The historic closing of 49 elementary schools in Chicago left many parents bitter and feeling left out as they try to get involved in new schools. Yet parent engagement is essential for school improvement, and principals are faced with the challenge of building trust at schools that scored poorly on surveys of parent involvement.
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Community groups: Inspector General should investigate closings
A coalition of parent and community groups called on outside help Tuesday to try to put the brakes on massive school closings, which they fear even large, well-organized opposition won’t be able to stop.
In a complaint to the CPS Inspector General and cc’d to the Illinois Attorney General, Parents 4 Teachers (a group that CPS says has been organized by the Chicago Teachers Union, which is adamantly opposed to closings) charged that the school closing process is wrought with “employee misconduct,” conflicts of interest and misinformation.
“We want CPS to be held [accountable by] an independent body, to shine a light on what is going on,” said Erica Clark, a member of the coalition. It is unclear whether the Inspector General would launch an investigation.
CPS has said that school closings are necessary because the district “has too many empty classrooms and too few students to fill them,” spokeswoman Robyn Ziegler said in a statement. “This is stretching our limited resources too thin and depriving children of critical investments such as air conditioning, playgrounds, technology and computers, library, art and music.” Closing schools would give the district more resources to provide a better education at the remaining schools, CPS says.
The complaint charges that CPS is closing traditional neighborhood schools in order to privatize public education by expanding charter schools. “We have come to the conclusion that it is the motive,” Clark said.
At a press conference on Tuesday, parents and community activists from several organizations stood together to announce the filing of the complaint. Clark pointed out that many came from schools that are not in danger of being closed. “Everyone understands that what everyone wants is a good neighborhood school,” she said.
CPS recently approved four charters, but CEO Barbara Byrd-Bennett has sought to separate the two issues. She promised that this year, unlike previous years, vacant CPS buildings would not be converted to charter schools.
Nationally, a new Pew Charitable Trust study found that about 40 percent of closed schools in 12 cities were later converted to charters.
On Wednesday, Byrd-Bennett is expected to release a more finite list of schools she is looking at closing. Her final recommendations must be published by March 31, after which official public hearings will be held. Then, at the April Board of Education meeting, members will vote on Byrd-Bennett’s recommendations.
Suspicions of political, charter ties
CPS has embarked on a community engagement process that entails meetings held by the district’s hand-picked School Utilization Commission; 28 more will be conducted by CPS. At meetings already held, hundreds, and sometimes close to a thousand, parents and community activists have shown up to voice their opposition to closing neighborhood schools. Meetings have been moved to bigger venues and CPS officials have in some cases abandoned their agenda so that everyone could speak.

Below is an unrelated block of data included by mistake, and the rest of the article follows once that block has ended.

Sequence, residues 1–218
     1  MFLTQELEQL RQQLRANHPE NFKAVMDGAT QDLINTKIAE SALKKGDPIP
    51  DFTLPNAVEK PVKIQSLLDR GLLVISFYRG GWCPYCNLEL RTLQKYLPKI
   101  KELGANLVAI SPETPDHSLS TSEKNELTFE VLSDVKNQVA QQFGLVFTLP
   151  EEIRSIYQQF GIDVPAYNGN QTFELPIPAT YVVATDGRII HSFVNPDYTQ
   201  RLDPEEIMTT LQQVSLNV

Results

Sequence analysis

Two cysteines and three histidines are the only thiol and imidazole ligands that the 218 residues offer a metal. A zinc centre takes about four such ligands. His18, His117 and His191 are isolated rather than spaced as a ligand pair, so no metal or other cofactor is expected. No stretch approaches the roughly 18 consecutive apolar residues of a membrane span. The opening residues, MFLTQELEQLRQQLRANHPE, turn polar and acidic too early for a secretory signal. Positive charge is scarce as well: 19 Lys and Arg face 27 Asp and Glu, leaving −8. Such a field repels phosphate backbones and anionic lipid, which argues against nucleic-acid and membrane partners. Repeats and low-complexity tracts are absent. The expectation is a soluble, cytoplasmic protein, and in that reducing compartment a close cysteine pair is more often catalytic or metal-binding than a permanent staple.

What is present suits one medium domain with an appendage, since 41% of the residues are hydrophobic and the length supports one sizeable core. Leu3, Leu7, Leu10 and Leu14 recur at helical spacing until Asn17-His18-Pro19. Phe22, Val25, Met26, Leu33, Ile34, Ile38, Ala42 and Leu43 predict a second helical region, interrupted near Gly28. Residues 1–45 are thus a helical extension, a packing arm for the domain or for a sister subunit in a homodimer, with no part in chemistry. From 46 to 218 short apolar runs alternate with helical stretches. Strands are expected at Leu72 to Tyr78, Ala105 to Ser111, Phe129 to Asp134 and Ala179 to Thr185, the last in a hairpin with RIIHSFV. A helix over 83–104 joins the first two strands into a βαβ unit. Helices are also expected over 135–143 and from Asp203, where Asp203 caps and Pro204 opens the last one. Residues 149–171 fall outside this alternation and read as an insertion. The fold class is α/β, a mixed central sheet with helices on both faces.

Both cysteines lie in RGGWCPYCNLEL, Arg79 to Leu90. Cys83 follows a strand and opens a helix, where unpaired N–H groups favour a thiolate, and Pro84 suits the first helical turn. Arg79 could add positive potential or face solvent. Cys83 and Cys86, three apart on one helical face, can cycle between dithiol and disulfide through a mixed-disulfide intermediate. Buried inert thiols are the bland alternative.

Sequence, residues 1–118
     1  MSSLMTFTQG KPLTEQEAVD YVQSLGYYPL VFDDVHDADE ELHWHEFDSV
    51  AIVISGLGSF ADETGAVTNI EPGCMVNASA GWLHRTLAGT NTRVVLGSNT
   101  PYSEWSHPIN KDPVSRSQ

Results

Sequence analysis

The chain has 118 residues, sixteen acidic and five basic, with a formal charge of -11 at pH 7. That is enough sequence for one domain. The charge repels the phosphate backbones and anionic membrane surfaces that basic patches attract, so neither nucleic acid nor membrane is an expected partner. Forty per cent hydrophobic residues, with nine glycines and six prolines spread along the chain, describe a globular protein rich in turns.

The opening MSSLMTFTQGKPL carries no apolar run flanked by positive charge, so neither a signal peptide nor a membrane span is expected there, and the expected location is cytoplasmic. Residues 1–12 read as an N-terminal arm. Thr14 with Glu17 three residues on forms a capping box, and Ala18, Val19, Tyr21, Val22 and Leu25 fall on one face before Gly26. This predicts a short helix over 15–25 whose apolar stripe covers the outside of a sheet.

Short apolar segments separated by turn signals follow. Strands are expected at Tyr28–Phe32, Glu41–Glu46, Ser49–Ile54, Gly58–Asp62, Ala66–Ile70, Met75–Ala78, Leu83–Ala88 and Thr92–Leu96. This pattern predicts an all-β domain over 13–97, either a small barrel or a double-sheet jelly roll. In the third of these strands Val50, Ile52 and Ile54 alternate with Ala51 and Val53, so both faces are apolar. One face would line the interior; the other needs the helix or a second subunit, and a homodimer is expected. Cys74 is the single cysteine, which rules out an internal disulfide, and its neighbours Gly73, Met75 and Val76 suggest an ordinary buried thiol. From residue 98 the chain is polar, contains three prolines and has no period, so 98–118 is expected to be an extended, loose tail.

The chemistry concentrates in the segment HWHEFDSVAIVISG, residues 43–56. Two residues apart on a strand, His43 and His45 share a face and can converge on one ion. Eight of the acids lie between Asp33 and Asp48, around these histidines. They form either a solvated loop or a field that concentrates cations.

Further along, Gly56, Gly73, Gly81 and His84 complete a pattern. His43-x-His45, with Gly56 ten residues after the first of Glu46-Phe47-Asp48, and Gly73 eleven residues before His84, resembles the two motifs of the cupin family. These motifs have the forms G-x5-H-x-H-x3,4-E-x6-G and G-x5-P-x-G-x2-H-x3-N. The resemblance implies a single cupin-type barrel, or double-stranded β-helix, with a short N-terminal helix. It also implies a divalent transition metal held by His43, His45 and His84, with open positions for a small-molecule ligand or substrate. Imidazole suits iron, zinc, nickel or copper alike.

Some activists are suspicious of the School Utilization Commission because it is staffed by the Civic Consulting Alliance, a politically-connected group that brings business expertise to government and is housed in the same office as New Schools for Chicago, which provides start-up funds for charter schools and has some of the same board members as the Alliance.
Also, CPS got a $478,000 grant from the pro-charter Walton Family Foundation to undertake the community engagement process—a move that CPS is quick to note was meant to save costs.
According to Ziegler, the Walton grant “allowed CPS to avoid using any taxpayer dollars in order to engage parents in this conversation at the front end of this process and allow them to have a voice in the critical decisions that need to be made to address this crisis.”
The complaint also makes note of the district’s school utilization formula, which has come under fire from schools and parents. In the fall, Raise Your Hand, a parent organization, came out with a study that claimed the district’s utilization formula is inaccurate and exaggerates the number of empty schools.
According to CPS, some 330 schools are underutilized and about 140 are half empty.
The complaint says that Byrd-Bennett and School Utilization Commission Chairman Frank Clark have acknowledged that the CPS formula is faulty. “At recent CPS public hearings, district personnel have distributed charts, by network area, reporting the utilization rates of each school based on the original, unchanged CPS formula, which the CEO noted was flawed nearly three months ago,” according to the complaint.
At the community meetings, CPS officials emphasize that CPS is facing a projected $1 billion budget deficit, implying that the shortfall is the reason schools must be closed. Yet, the complaint says that an internal memo proves that district officials know that cost savings could be minimal, if any. Another national Pew study found minimal savings for closing schools.